Patrick Doyle, the president of Domino’s Pizza, says that the franchises around the country are having a hard time filling delivery and clerical positions. “It’s a very tight labor market out there now.”

This shortage has an upside for workers because it allows them to bid up wages. When Wal-Mart announced last month that wages for many starter workers would rise to $9 an hour, well above the federal legal minimum, they weren’t being humanitarians. They were responding to a tightening labor market.

The idea that blue-collar jobs aren’t a pathway to the middle class and higher is antiquated and wrong. Factory work today is often highly sophisticated and knowledge-based with workers using intricate scientific equipment.

After several years honing their skills, welders, mechanics, carpenters, and technicians can, earn upwards of $50,000 a year—which in most years still places a household with two such income earners in the top 25 percent for income. It’s true these aren’t glitzy or cushy jobs, but they do pay a good salary.

So why aren’t workers filling these available jobs—or getting the skills necessary to fill them. I would posit these impediments to putting more Americans back to work:

1) Government discourages work.

Welfare consists of dozens of different and overlapping federal and state income support programs. A recent Census Bureau study found more than 100 million Americans collecting a government check or benefit each month.

The spike in families on food stamps, SSI, disability, public housing, and early Social Security remains very high even five years into this recovery. This should come as no surprise given the vast majority of the federal government’s roughly 80 means-tested welfare programs don’t include any type of work requirement.

Economist Peter Ferrara argues in his new book, “Power to the People,” that if “we simply required work for all able-bodied welfare recipients, the number on public assistance would fall dramatically. This is what happened after the work for welfare requirements in 1996.”

2) Our public school systems often fail to teach kids basic skills.

Whatever happened to shop classes? We have schools that now concentrate more on ethnic studies and tolerance training than teaching kids how to use a lathe or a graphic design tool.

Charter schools can help remedy this. Universities are even more negligent. Kids graduate from four-year colleges with little vocation training and with debt averaging more than $25,000—although this number now commonly exceeds $100,000 at some universities.

A liberal arts education is valuable, but it should come paired with some practical skills.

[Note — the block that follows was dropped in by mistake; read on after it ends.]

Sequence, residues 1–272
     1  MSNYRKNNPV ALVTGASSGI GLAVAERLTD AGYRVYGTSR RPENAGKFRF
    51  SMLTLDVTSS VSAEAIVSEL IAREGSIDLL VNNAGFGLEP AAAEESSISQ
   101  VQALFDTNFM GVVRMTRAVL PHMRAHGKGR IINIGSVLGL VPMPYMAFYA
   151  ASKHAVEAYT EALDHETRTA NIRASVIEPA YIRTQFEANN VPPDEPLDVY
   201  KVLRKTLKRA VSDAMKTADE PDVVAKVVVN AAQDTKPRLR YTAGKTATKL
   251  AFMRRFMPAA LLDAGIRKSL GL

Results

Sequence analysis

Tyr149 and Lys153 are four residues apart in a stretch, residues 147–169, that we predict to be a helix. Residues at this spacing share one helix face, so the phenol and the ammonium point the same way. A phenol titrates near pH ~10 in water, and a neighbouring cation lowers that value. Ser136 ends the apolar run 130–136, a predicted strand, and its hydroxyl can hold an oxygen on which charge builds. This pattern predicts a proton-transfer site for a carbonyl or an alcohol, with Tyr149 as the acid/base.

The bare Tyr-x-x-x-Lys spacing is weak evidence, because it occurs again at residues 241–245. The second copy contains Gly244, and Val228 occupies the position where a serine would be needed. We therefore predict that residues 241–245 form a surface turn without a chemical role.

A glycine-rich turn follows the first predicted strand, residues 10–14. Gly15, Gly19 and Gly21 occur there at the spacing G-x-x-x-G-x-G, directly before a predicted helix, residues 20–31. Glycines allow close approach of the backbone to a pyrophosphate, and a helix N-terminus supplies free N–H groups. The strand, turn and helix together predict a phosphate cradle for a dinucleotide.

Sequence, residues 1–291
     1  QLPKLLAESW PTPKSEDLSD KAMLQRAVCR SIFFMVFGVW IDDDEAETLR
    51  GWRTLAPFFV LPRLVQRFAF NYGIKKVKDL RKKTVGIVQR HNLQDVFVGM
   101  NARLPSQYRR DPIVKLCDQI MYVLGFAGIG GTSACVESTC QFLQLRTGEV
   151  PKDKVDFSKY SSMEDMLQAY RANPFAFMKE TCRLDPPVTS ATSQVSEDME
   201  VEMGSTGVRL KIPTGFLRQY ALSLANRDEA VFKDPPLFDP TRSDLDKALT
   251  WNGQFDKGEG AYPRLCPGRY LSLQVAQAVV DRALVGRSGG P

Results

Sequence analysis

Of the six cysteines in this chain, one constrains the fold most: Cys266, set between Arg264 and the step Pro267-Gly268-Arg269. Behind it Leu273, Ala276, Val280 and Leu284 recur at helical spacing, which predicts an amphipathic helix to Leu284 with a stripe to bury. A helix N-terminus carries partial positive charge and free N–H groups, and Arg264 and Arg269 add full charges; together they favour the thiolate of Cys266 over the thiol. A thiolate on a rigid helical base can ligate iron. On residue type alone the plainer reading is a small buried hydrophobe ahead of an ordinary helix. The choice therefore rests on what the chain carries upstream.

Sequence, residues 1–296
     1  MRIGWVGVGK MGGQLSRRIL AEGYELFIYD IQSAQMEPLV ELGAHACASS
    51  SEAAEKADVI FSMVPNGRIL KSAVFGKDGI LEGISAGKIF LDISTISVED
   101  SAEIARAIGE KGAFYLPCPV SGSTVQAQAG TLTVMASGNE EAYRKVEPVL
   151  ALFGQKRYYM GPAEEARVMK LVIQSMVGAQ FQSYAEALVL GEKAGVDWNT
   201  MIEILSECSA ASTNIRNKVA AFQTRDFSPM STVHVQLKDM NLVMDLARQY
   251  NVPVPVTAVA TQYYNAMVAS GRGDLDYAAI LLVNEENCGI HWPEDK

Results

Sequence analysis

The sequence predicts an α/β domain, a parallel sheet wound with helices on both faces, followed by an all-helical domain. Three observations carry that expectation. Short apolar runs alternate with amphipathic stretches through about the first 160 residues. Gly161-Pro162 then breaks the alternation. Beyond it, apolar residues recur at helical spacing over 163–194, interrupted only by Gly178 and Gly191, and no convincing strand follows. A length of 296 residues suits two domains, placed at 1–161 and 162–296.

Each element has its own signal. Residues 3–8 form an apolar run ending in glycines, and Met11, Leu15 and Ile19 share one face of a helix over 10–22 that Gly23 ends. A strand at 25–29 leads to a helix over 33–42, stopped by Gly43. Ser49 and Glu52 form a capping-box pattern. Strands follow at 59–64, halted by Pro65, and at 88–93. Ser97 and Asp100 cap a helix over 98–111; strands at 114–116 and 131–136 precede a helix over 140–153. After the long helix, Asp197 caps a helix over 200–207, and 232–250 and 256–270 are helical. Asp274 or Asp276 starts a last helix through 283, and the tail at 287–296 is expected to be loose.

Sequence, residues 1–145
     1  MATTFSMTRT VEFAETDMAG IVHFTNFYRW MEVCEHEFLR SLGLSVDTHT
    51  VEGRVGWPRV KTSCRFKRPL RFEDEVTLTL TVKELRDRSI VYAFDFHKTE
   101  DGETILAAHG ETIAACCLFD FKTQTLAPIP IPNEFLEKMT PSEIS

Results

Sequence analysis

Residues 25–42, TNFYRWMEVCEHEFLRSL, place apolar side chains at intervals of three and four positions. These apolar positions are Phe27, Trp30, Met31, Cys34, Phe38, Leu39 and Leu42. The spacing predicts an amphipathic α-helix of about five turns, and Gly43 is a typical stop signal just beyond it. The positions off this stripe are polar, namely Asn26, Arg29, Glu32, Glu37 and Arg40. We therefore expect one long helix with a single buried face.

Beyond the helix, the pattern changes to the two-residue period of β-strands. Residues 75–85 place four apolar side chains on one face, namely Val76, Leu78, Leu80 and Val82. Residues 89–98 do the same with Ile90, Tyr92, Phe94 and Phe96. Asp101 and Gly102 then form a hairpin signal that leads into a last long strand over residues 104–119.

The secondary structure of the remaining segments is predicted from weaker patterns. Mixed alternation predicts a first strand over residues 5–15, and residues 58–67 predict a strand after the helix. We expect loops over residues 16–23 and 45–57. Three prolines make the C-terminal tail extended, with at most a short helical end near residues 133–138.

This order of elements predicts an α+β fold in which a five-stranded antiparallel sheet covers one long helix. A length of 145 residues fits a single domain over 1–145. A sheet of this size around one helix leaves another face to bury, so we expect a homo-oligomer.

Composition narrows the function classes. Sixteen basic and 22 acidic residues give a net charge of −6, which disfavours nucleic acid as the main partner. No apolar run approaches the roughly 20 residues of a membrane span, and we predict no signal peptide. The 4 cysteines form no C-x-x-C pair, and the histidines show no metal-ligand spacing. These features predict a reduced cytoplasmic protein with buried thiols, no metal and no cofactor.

3) Negative attitudes toward blue-collar work.

I’ve talked to parents who say they are disappointed if their kids want to become a craftsman—instead of going to college. This attitude discourages kids from learning how to make things, which contributes to sector-specific worker shortages. Meanwhile, too many people who want to go into the talking professions: lawyers, media, clergy, professors, and so on.

4) A cultural bias against young adults working.

The labor force participation rate is falling fastest among workers under 30.

Any time a state tries to change laws to make it easier for teenagers to earn money, the left throws a tantrum about repealing child labor laws. The move to raise minimum wages in states and at the federal level could hardly be more destructive to young people.

My own research finds that the higher the minimum wage in a state, the lower the labor force participation rate among teenagers.

Anecdotally, I’ve always been struck by how many successful people I have met who grew up on farms and started working—milking cows, building fences, cleaning out the barn—at the age of 10 or 11. They learn a work ethic at a young age and this pays big dividends in the future. Many studies document this to be true.

5) Higher education has become an excuse to delay entry into the workforce.

I always cringe when I talk to 22-year-olds who will graduate from college and who tell me their next step is to go to graduate school. Maybe by the time they are 26 or 27 they will start working. Here’s an idea: colleges could encourage kids to have one or two years of work experience before they enroll.

Here’s an even better idea: abolish federal student loans and replace the free government dollars with privately sponsored college work programs.

For instance, schools like College of the Ozarks require kids to work 15 hours a week to pay their tuition. It’s hardly a violation of human rights if a 21-year-old works to fund for their own education—and they will probably get more out of their classes if they do work.

Anything easily attained is lightly valued. This would drive down tuition costs too, because students would start demanding more financial accountability and less waste. After all, federal subsidies have increased college costs.

These may seem like old-fashioned and even outmoded ideas. But the decline in work among the young bodes ill for the future. Many European nations have removed the young from the workforce and the repercussion appears to be lower lifetime earnings.

A renewed focus on working would also help erode the entitlement mentality ingrained in so many millennials. Instead of more benefits and handouts, this generation needs to get a job.

A version of this was originally published in Forbes.